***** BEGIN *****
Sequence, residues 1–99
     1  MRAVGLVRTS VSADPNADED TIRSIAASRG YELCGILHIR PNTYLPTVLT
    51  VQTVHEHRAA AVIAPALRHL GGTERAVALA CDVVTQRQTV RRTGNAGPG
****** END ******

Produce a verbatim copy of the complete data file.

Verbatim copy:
Sequence, residues 1–99
     1  MRAVGLVRTS VSADPNADED TIRSIAASRG YELCGILHIR PNTYLPTVLT
    51  VQTVHEHRAA AVIAPALRHL GGTERAVALA CDVVTQRQTV RRTGNAGPG